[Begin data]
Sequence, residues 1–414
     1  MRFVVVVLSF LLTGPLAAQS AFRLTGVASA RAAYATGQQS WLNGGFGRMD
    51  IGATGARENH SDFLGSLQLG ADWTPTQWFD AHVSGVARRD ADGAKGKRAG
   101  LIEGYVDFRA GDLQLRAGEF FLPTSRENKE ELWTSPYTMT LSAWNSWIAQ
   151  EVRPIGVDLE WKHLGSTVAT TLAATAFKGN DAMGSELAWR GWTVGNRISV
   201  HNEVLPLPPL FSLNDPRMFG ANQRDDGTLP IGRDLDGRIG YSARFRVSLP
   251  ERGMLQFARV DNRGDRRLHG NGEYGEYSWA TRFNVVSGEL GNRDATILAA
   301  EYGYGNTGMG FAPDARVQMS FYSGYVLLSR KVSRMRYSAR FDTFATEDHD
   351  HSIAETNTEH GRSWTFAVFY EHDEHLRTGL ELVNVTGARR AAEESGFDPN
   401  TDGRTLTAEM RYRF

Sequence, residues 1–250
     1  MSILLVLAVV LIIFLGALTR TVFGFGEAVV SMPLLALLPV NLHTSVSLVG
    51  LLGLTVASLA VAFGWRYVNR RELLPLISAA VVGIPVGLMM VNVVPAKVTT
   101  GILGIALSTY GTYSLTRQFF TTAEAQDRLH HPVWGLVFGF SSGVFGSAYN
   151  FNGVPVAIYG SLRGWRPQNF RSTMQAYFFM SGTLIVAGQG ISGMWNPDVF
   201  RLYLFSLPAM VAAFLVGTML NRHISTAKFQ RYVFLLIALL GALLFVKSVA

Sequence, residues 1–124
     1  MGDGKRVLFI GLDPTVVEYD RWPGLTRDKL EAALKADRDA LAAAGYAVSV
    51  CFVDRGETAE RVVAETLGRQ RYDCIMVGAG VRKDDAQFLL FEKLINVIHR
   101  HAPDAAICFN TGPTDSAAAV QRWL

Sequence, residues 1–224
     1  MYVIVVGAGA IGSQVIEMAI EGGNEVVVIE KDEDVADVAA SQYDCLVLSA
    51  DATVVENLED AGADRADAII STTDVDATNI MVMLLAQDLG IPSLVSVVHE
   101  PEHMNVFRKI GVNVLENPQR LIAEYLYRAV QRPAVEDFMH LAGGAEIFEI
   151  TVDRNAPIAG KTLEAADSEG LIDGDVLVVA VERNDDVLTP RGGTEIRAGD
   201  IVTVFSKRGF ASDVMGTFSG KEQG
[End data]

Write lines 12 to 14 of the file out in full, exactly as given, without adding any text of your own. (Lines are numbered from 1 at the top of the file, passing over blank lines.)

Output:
     1  MSILLVLAVV LIIFLGALTR TVFGFGEAVV SMPLLALLPV NLHTSVSLVG
    51  LLGLTVASLA VAFGWRYVNR RELLPLISAA VVGIPVGLMM VNVVPAKVTT
   101  GILGIALSTY GTYSLTRQFF TTAEAQDRLH HPVWGLVFGF SSGVFGSAYN